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World Psychiatry. 2018 Jun;17(2):174-186. doi: 10.1002/wps.20524.

The ICD-11 developmental field study of reliability of diagnoses of high-burden mental disorders: results among adult patients in mental health settings of 13 countries.

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Department of Psychiatry, Columbia University College of Physicians and Surgeons, New York, NY, USA.
National Institute of Psychiatry Ramón de la Fuente Muñiz, Mexico City, Mexico.
Department of Psychiatry, All India Institute of Medical Sciences, New Delhi, India.
New York State Psychiatric Institute, New York, NY, USA.
Department of Psychology, Virginia Commonwealth University, Richmond, VA, USA.
Department of Psychiatry, University of Ibadan, Nigeria.
Department of Psychiatry, Universidad Autonoma de Madrid, IIS-P and Instituto de Salud Carlos III, Centro de Investigación Biomédica en Red de Salud Mental (CIBERSAM), Madrid, Spain.
Department of Neuropsychiatry, Kyushu University, Fukuoka City, Japan.
Department of Psychiatry, American University of Beirut Medical Center, Beirut, Lebanon.
School of Psychology, University of Ottawa, Ottawa, Ontario, Canada.
Moscow Research Institute of Psychiatry, National Medical Research Centre for Psychiatry and Narcology, Moscow, Russian Federation.
Department of Psychiatry, University of Campania "L. Vanvitelli", Naples, Italy.
Department of Psychiatry, Universidade Federal de São Paulo, São Paulo, Brazil.
Department of Psychiatry, University of Cape Town and South African Medical Research Council Unit on Risk and Resilience in Mental Disorders, Cape Town, South Africa.
Shanghai Mental Health Center and Department of Psychiatry, Shanghai Jiao Tong University School of Medicine, Shanghai, People's Republic of China.
NTT Medical Center Tokyo, Tokyo, Japan.
Departments of Biostatistics and Psychiatry, Columbia University College of Physicians and Surgeons, New York, NY, USA.
Department of Psychiatry, Tunis Al Manar University and Al Razi Hospital, Tunis, Tunisia.
Cátedras CONACYT, National Council for Science and Technology, Mexico City, Mexico.
Institut du Savoir Montfort - Hôpital Montfort & Université d'Ottawa, Ottawa, Ontario, Canada.
Department of Psychiatry, Government Medical College and Hospital, Chandigarh, India.
Japanese Society of Psychiatry and Neurology, Tokyo, Japan.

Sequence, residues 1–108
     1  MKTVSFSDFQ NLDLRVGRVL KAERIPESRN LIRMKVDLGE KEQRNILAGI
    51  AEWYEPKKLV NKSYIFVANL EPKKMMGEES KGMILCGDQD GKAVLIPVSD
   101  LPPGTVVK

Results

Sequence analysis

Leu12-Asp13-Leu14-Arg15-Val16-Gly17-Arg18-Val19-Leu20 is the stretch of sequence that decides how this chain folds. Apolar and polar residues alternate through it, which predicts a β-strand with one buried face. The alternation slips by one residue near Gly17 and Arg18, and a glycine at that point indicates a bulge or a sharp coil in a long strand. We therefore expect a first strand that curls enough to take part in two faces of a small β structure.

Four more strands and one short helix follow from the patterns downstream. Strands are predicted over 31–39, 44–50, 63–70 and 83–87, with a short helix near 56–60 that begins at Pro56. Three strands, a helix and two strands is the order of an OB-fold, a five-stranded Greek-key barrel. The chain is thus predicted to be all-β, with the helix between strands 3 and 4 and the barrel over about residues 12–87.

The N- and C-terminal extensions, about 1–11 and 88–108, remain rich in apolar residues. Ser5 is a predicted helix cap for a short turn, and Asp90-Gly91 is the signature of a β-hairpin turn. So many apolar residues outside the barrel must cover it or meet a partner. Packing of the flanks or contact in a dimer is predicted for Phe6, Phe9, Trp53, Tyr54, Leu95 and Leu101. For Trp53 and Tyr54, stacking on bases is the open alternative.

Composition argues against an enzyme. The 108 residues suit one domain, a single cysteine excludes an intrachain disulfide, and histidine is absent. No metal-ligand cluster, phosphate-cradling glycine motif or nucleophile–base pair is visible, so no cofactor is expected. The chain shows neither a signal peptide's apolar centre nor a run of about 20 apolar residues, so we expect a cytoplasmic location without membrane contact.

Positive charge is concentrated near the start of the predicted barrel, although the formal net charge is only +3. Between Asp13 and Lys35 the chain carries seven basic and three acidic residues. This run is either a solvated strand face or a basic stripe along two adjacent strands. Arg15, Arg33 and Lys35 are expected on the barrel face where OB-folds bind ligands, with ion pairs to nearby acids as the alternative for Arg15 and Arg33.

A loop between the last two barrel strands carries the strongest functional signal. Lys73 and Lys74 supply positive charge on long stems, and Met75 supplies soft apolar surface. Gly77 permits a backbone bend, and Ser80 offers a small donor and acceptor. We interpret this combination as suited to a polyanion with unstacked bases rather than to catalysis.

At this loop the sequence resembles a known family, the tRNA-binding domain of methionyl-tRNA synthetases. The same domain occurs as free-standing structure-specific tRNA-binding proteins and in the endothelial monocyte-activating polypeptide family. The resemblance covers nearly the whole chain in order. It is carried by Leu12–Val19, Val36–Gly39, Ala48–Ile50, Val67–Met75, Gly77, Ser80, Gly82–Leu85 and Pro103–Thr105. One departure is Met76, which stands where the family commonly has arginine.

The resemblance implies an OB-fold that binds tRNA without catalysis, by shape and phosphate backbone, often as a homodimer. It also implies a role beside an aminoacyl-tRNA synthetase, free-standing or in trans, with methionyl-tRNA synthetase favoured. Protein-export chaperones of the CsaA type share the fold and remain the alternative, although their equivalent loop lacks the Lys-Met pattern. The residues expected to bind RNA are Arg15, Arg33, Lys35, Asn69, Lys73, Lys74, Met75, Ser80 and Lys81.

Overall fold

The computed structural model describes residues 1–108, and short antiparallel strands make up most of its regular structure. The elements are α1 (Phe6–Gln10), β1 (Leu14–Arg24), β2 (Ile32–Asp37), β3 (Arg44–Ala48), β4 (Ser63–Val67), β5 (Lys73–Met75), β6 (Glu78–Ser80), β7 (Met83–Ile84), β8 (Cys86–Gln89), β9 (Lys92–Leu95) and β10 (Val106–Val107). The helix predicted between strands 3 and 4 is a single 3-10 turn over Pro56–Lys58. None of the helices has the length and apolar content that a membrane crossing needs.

Federal Neuropsychiatric Hospital Aro, Abeokuta, Nigeria.
Institute of Mental Health Research, Royal Ottawa Mental Health Centre, and Department of Psychiatry, University of Ottawa, Ontario, Canada.
Pt. Jawahar Lal Nehru Memorial Medical College, Raipur, Chhattisgarh, India.
Department of Psychiatry and Psychotherapy, Medical Faculty, Heinrich-Heine University, Düsseldorf, Germany.
Institut National de la Santé et de la Recherche Médicale U988, Paris, France.
Health Management Center, Seitoku University, Matsudo City, Japan.
Office of Graduate Studies and Clinical Child Psychology Program, University of Kansas, Lawrence, KS, USA.


Reliable, clinically useful, and globally applicable diagnostic classification of mental disorders is an essential foundation for global mental health. The World Health Organization (WHO) is nearing completion of the 11th revision of the International Classification of Diseases and Related Health Problems (ICD-11). The present study assessed inter-diagnostician reliability of mental disorders accounting for the greatest proportion of global disease burden and the highest levels of service utilization - schizophrenia and other primary psychotic disorders, mood disorders, anxiety and fear-related disorders, and disorders specifically associated with stress - among adult patients presenting for treatment at 28 participating centers in 13 countries. A concurrent joint-rater design was used, focusing specifically on whether two clinicians, relying on the same clinical information, agreed on the diagnosis when separately applying the ICD-11 diagnostic guidelines. A total of 1,806 patients were assessed by 339 clinicians in the local language. Intraclass kappa coefficients for diagnoses weighted by site and study prevalence ranged from 0.45 (dysthymic disorder) to 0.88 (social anxiety disorder) and would be considered moderate to almost perfect for all diagnoses. Overall, the reliability of the ICD-11 diagnostic guidelines was superior to that previously reported for equivalent ICD-10 guidelines. These data provide support for the suitability of the ICD-11 diagnostic guidelines for implementation at a global level. The findings will inform further revision of the ICD-11 diagnostic guidelines prior to their publication and the development of programs to support professional training and implementation of the ICD-11 by WHO member states.


ICD-11; International Classification of Diseases; anxiety disorders; diagnosis; disorders specifically associated with stress; mental disorders; mood disorders; reliability; schizophrenia

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